This is what economists don’t understand about the euro crisis – or the U.S. dollar


Kathleen McNamara in the WaPo's Monkey Cage:

Economists are condescendingly scolding the Europeans for venturing into a single currency without the proper underlying economic conditions. Paul Krugman has relentlessly excoriated the leaders of Europe for being what he calls “self-indulgent politicians” who have “spent a quarter-century trying to run Europe on the basis of fantasy economics.” The conventional wisdom seems to be that the problems of the euro zone are, as economist Martin Feldstein once put it, “the inevitable consequence of imposing a single currency on a very heterogeneous group of countries.”

What this commentary gets wrong, however, is that single currencies are never the product of debates about optimal economic solutions. Instead, currencies like the U.S. dollar itself are the result of political battles, where motivated actors try to centralize power. This has most often occurred “through iron and blood,” as Otto van Bismarck, the unifier of Germany put it, as a result of catastrophic wars. Smaller geographic units were brought together to build the modern nation state, with a unified fiscal system, a common national language that was often imposed by force, a unified legal system, and, a single currency. Put differently (with apologies to sociologist Charles Tilly), war makes the state, and the state makes the currency.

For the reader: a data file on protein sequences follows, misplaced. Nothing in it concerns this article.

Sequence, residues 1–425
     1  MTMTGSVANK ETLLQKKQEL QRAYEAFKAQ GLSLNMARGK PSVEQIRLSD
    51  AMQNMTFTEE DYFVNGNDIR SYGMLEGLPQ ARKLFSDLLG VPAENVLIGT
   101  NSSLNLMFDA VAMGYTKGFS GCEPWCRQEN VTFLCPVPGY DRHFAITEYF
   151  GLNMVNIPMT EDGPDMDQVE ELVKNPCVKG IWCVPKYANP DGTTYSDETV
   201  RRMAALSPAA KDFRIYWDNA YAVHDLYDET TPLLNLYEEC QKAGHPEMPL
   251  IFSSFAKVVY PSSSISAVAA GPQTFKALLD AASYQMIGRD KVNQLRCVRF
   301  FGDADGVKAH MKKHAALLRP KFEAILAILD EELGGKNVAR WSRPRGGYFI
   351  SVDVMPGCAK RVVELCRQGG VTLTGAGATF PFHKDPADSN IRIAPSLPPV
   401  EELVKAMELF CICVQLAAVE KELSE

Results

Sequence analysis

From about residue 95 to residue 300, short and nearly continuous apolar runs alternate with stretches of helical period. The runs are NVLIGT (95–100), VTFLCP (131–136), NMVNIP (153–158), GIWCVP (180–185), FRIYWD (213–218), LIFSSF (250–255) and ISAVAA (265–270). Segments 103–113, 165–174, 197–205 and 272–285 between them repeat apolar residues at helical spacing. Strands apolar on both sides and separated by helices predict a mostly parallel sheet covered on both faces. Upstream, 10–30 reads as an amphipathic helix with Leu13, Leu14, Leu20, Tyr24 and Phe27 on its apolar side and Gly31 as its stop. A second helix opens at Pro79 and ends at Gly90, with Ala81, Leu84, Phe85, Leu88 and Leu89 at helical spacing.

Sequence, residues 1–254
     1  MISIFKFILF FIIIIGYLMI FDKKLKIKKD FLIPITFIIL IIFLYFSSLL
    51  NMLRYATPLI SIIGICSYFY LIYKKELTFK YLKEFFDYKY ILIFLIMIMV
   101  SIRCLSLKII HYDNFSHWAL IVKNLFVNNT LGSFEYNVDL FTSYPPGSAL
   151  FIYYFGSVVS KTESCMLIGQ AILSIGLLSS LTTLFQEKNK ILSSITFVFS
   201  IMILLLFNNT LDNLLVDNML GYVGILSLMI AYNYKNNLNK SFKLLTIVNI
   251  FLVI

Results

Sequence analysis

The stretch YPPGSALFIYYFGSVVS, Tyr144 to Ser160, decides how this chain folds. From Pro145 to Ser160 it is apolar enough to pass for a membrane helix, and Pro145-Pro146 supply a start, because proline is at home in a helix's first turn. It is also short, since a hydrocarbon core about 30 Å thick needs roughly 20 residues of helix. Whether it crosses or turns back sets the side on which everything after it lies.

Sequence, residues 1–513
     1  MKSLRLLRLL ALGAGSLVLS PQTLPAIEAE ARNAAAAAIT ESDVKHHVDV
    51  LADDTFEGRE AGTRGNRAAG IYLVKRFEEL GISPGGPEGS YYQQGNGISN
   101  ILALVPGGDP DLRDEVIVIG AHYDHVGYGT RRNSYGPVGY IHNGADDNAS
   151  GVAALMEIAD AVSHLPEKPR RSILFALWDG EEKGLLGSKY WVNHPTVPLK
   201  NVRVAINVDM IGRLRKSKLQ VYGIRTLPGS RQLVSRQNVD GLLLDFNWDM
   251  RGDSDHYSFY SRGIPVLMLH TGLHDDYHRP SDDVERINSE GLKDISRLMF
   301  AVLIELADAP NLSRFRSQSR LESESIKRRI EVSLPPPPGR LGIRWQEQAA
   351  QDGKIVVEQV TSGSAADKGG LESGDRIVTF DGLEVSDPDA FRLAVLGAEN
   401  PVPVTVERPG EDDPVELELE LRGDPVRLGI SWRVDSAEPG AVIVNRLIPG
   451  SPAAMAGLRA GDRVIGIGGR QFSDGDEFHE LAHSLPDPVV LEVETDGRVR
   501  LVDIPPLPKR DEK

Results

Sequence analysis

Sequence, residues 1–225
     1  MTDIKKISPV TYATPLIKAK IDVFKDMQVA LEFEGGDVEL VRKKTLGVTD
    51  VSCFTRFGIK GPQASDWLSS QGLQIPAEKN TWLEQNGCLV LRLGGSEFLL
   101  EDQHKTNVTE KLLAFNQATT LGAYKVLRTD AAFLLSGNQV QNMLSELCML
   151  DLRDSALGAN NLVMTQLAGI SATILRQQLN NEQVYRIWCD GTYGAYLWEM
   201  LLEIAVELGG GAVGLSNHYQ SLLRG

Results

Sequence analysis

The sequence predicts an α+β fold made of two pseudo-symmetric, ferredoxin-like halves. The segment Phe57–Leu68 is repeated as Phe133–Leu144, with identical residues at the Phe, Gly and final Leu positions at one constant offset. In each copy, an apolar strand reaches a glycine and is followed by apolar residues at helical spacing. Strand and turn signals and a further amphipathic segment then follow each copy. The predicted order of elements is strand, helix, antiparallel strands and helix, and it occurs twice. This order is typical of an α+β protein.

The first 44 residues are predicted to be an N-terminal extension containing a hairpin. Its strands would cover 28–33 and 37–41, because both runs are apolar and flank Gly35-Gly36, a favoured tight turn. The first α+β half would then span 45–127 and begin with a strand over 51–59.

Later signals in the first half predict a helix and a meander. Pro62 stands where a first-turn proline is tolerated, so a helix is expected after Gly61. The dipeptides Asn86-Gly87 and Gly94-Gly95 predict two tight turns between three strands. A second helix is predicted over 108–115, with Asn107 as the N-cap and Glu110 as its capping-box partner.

The U.S. case is instructive. America used to have a chaotic multitude of state currencies and privately issued bank notes, with complex exchange rates between them. This only changed thanks to the Civil War. The American greenback was created in 1863 when Abraham Lincoln’s Republican Party muscled through legislation giving the federal government exclusive currency rights. It was only able to do this because Southern legislators, who opposed more centralization of power, had seceded from the American union. The Union side wanted a common currency to help the war effort by rationalizing revenue raising and wartime payments. But it was also a potent symbol of the power of the federal state in the face of the challenges of a disintegrating union.

More here.